A lot of times when technicians are talking to customers they forget that their knowledge isn’t common knowledge. They say stuff like “Your walking belt and deck is worn but the good news is your deck can be flipped!” or “I can quote you a PM.” What exactly does that mean? Well, let’s start with a diagram of a treadmill.


This one is easy. It has buttons to start and stop the treadmill, incline the treadmill up or down, control speed, and may offer exercise program options. The safety key can be found on, or close to the console. For the owner or a technician the console can also show error codes and a history of miles or hours of use of the machine.


A safety key is usually a magnetic or insertable key. The key connects to the console and has a small rope and clip that is worn by the user during exercise. When the safety key is connected correctly, it triggers electrical current to flow and activates the treadmill functions, without the key in place the circuit is not complete and will cut power to the motor. The safety key should be worn by users during exercise to help prevent injury.


The hood is a plastic covering that protects the lower control board, motors, belts, and connecting wires from damage and debris. During a preventive maintenance (PM) our technicians take off the hood of the treadmill to inspect, clean out dust and debris, test motor amperage, and lubricate belts or incline shafts.


The power switch controls the power for the whole machine. It is located on the front towards the bottom of the machine. Sometimes it can be found just under the front of the machine or the side. If you’re looking for a serial number on a treadmill it can sometimes be found close to the power switch.

Like any technology, if you find that you are having issues with your machine first try to power off the machine using the power switch for about a minute and then power the machine back on to let the machine reboot.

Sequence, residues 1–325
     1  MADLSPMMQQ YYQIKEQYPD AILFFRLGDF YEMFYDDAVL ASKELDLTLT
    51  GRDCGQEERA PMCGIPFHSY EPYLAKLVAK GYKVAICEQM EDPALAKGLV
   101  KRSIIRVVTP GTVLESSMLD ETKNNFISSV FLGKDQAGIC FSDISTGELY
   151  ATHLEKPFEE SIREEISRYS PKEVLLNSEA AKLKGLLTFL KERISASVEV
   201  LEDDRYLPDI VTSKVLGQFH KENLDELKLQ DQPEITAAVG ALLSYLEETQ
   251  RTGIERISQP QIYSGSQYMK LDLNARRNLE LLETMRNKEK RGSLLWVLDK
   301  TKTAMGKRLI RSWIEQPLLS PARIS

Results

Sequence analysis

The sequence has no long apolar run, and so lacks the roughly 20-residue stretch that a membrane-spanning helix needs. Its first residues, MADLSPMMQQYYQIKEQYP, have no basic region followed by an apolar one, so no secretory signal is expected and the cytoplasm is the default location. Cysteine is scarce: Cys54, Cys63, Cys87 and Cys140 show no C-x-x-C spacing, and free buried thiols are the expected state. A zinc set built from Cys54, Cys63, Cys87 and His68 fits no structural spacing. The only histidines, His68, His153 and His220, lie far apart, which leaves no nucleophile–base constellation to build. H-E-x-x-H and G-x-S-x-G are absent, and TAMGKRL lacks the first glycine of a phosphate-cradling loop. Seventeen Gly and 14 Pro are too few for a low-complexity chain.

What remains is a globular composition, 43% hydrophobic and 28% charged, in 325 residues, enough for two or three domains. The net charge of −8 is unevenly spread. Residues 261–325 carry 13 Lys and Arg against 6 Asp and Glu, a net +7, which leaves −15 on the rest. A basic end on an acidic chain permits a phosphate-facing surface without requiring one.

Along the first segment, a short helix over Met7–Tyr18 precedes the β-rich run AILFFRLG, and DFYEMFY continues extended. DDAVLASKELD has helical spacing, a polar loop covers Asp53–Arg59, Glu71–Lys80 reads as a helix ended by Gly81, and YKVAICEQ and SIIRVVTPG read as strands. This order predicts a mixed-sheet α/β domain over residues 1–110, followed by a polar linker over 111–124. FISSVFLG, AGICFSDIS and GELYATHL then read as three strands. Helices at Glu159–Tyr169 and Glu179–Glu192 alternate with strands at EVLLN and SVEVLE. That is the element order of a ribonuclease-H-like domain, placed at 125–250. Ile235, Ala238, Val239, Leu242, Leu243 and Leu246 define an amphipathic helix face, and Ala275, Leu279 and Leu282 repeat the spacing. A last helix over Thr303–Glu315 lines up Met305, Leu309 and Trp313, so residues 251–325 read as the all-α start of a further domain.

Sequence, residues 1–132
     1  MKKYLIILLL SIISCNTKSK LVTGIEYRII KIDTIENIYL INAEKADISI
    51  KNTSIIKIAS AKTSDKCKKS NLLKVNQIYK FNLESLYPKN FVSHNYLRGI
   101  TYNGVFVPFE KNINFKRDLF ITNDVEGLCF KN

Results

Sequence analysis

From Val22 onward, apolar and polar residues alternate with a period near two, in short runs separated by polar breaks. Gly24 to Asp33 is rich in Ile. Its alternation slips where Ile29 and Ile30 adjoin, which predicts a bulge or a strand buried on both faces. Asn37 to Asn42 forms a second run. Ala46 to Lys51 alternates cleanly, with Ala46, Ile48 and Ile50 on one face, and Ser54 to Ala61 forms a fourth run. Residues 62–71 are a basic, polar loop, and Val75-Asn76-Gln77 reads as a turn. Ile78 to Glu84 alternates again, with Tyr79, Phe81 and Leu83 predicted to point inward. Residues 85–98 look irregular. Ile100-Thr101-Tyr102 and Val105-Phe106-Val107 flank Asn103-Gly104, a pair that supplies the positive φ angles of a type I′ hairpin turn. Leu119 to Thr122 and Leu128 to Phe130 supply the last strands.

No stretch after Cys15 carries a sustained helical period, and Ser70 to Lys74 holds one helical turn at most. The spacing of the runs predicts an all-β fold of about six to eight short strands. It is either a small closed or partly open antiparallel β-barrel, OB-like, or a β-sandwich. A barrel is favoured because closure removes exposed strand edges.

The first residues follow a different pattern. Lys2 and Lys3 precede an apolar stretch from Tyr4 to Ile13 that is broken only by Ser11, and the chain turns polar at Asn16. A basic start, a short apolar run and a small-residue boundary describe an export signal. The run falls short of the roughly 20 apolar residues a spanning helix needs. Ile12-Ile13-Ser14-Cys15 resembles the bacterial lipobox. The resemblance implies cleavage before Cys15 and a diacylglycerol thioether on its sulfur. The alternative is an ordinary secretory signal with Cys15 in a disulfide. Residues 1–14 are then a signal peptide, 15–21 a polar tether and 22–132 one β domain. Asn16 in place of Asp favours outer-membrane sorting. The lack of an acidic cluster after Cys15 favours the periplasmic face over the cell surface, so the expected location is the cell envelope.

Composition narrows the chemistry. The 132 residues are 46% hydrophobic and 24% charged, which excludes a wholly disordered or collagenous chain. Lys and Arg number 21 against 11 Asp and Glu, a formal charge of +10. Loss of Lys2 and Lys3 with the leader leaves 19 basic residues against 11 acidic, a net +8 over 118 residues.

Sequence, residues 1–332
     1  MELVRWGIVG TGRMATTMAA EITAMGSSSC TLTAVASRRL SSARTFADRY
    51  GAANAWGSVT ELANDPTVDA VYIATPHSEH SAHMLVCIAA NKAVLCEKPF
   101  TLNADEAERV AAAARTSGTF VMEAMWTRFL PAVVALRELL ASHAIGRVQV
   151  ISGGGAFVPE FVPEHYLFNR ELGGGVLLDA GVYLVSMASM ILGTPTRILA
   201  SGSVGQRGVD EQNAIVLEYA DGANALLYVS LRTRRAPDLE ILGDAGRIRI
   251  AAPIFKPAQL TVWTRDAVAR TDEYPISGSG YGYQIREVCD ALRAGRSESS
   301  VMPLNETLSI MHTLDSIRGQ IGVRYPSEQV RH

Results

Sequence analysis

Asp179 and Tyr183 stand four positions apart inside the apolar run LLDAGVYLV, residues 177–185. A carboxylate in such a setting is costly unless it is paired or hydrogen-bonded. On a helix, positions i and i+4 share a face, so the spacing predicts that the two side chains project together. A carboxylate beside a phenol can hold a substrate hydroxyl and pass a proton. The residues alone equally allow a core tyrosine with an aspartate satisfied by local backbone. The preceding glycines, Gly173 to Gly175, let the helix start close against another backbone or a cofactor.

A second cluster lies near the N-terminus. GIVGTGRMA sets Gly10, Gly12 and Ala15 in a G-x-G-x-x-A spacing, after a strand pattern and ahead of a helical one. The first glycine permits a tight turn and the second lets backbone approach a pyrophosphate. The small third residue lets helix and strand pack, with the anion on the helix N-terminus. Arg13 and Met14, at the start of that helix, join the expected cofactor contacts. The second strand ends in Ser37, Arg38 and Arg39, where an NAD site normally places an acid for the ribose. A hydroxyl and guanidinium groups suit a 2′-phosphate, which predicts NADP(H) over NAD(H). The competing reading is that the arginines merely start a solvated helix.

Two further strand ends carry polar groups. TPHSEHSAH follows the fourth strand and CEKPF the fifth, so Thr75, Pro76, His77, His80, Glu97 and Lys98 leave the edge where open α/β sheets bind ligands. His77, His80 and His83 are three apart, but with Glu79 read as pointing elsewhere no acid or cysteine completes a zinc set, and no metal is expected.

The belt you walk on while exercising is usually referred to as the walking or running belt. Walking belts will need be checked regularly for wear. Some treadmill walking belts will need to be lubricated regularly, and at some point it is likely you will have to replace your walking belt. You can look for when the belt is too worn when the edges of the belt become frayed, ripped, or starts to crack. The most important wear to look for is the hardest to see though. In-between the walking belt and deck is the primary wear area to inspect. This area will deteriorate over time from wear causing higher friction and will lead to more power being required from the control board to move the belt. it can cause the motor or board to fail from the excessive power. Replacing the belt in the earlier stages of wear will significantly extend the life of the treadmill. If your treadmill walking belt becomes too worn it could become dangerous to use.

Certain brand walking belts will need to be lubricated with silicone on a regular basis to ensure the belt does not cause too much friction while sliding across the deck. Consult your owners manual to find out if your equipment needs regular lubrication or is not a serviceable unit.


The deck is the sealed wood MDF board underneath the walking belt. If you want to check the condition of the deck, lift the walking belt as much as possible and and feel under the belt towards the center of the deck. The deck should feel smooth and have no grooves. If the deck is too worn or is not lubricated properly it can cause too much friction and may cause damage to the machine by making it over work.

During a PM our technicians will check the walking belt and deck, and lubricate if required.


Preventive Maintenance.

Our preventative maintenance includes inspection, calibration, lubrication, and cleaning of cardio and strength equipment. A preventive maintenance is meant to increases the lifespan of fitness equipment and limit downtime. Most manufactures recommend preventative maintenances be preformed on a quarterly basis.